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31 Cards in this Set

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  • Back
What is wrong with the neutrophils seen here?
Toxic granulations. The azurophilic granules are indicative of immaturity. Patient could have a massive infection or another reason to be putting out immature cells
What autosomal dominant congenital abnormality has basophilic inclusions that may resemble Dohle bodies? What other findings are characteristic on blood smear?
May-Hegglin anomaly, but also GIANT platelets. Usually benign, sometimes thrombocytopenia
What is a neutrophil anomaly associated with mucopolysaccharidoses, and what are the findings on blood smear?
Alder-Reilly anomaly. Blood smear will show many azurophilic granules in granulocytes, lymphocytes and monocytes.
What are the two possible causes of the pince-nez appearance of these polys?
Congenital (innocuous)
or acquired (pseudo Pelger-Huet - myelodysplasia)
If this cell was on a peripheral smear of a child with oculocutaneous albinism, what else would you expect on history?
Frequent infections from Chediak-Higashi syndrome, a defect in fusion/trafficking of vesicles (including melanosomes)
What type of anemia is seen here?
Iron deficiency anemia - hypochromatic with increased central pallor and pencil cells
What type of anemia is seen here?
Thallassemia - increased central pallor, target cells
What causes this type of anemia?
B12 deficiency - multilobulated PMN, irregular shapes
What can cause the appearance of these cells?
Thalassemia, Liver disease, severe Iron deficiency, Heme C disease, asplenia
What causes spherocytosis?
Hereditary spherocytosis caused by mutations in cytoskeleton proteins

Autoimmune hemolysis
What conditions can produce schistocytes?
Shearing stress caused by microangiopathies (DIC), aortic stenosis, or a mechanical heart valve
What disorder causes Rouleux, and what is the pathophysiology of it?
Multiple Myeloma produced paraprotein, which coats RBCs and carries a negative charge which causes them to stack
What infections, and which immunoglobulin is associated with this slide's appearance?
IgM, Mononucleosis, mycoplasm
What is seen here?
RBC infected with malaria
What type of lymphoma is seen here?
Burkitt's - note large vacuoles
What process is shown in this bone marrow biopsy?
Idiopathic myelofibrosis - collagen III fiber deposition
What type of ALL is seen here, and in what population is it most common
L1 - Small cell ALL, most common in pediatric cases. Note lymphocytes are similar in size to RBCs
What type of ALL is seen in this peripheral smear, and in what population is it most common?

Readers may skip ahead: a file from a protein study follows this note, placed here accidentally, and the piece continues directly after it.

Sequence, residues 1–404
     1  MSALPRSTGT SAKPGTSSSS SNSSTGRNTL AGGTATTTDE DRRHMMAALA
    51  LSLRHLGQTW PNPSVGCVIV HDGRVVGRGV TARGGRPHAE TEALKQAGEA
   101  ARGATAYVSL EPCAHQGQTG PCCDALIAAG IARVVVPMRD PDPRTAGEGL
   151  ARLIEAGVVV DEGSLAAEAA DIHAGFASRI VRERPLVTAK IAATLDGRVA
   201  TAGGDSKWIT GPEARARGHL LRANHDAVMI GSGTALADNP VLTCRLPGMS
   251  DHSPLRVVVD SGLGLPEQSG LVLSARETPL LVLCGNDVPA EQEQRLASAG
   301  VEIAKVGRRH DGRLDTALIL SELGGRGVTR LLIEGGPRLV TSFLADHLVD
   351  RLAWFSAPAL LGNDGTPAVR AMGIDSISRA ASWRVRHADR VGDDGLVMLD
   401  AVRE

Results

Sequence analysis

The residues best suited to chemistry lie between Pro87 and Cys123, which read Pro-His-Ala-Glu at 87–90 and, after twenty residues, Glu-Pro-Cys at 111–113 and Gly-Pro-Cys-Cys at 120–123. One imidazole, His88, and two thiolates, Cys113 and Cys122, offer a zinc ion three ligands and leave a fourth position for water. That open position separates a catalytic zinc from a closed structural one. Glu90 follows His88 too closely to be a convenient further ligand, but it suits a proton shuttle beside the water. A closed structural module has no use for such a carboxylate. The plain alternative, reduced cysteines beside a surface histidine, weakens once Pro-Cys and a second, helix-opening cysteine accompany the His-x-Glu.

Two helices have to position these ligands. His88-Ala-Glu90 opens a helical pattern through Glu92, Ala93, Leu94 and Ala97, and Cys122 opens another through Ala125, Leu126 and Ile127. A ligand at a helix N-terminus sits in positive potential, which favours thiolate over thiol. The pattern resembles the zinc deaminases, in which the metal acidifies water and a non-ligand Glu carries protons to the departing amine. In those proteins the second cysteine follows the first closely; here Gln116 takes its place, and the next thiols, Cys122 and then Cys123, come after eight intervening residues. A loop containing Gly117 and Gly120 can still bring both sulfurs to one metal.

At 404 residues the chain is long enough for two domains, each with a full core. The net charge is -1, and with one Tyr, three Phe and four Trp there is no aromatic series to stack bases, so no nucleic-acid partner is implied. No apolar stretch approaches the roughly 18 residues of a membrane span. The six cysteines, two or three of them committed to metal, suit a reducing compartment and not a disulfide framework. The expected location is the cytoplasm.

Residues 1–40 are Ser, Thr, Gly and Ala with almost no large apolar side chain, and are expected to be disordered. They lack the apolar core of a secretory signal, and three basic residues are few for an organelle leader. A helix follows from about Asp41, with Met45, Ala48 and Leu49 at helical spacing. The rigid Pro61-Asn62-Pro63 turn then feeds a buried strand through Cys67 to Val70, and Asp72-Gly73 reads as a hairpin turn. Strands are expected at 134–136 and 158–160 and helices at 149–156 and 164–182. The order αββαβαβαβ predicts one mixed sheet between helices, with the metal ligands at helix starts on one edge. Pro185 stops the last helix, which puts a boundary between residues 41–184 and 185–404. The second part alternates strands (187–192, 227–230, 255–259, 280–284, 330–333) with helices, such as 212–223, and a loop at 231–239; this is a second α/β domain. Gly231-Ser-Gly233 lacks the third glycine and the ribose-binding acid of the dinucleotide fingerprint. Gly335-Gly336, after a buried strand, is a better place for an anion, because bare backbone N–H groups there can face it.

Large cell ALL - most common in adults. Note size of lymphocytes compared to RBCs
What are the multinucleate RBCs here indicative of?
What are the ringed sideroblasts here indicative of?
myelodysplasia - iron not leaving with RBCs stuck in marrow
What feature of myelodysplastic syndrome is seen here?
Micromegakaryocyte, washed out appearance
What are these cells' appearance typical of?
Hairy cell leukemia - rare CLL, normal life expectancy
What is the appearance of these cells suggestive of in a patient with cervical adenopathy?
Lacunar cells, indicative of nodular sclerosis (here in lower power), most common type of HL
What are these popcorn appearing cells indicative of?
Lymphocyte-predominant (non-classic) HL. Very rare. CD 15/30 negative
If you didn't have a good heme pathologist, what might you mistake this biopsy from a retroperitoneal node for?
A sarcoma. It is lymphocyte depleted HL
How does this 2nd most common HL subtype differ from nodular sclerosis, the most common HL?
Mixed cellularity HL - has R-S cells (nod sclerosis does not) and lacks collagen bands.
What would these small, cleaved cells in a patient with diffuse rubbery adenopathy and CD19, 20 positive cell infiltrate suggest?
Follicular lymphoma (NHL)
How might a patient with this cell on peripheral smear present?
With raised cutaneous plaques of malignant T cells - Mycosis fungoides/Sezary syndrome
A patient presents with lymphocytosis, hypercalcemia, elevated LDH, and splenomegaly. You see this clover-leaf cell on peripheral smear. He is from Japan. What do you suspect, and what is prognosis?
Suspect Human T-cell leukemia/lymphoma, and prior infection by HTLV.

Poor prognosis: <1 year
What do these cells suggest in a child with a quickly growing sub-mandibular mass?
Burkitt's Lymphoma
A patient with M-protein in urine has this bone marrow appearance. What do you expect from their clinical presentation?
Multiple myeloma: CRAB:
Renal impairment
Bone lesions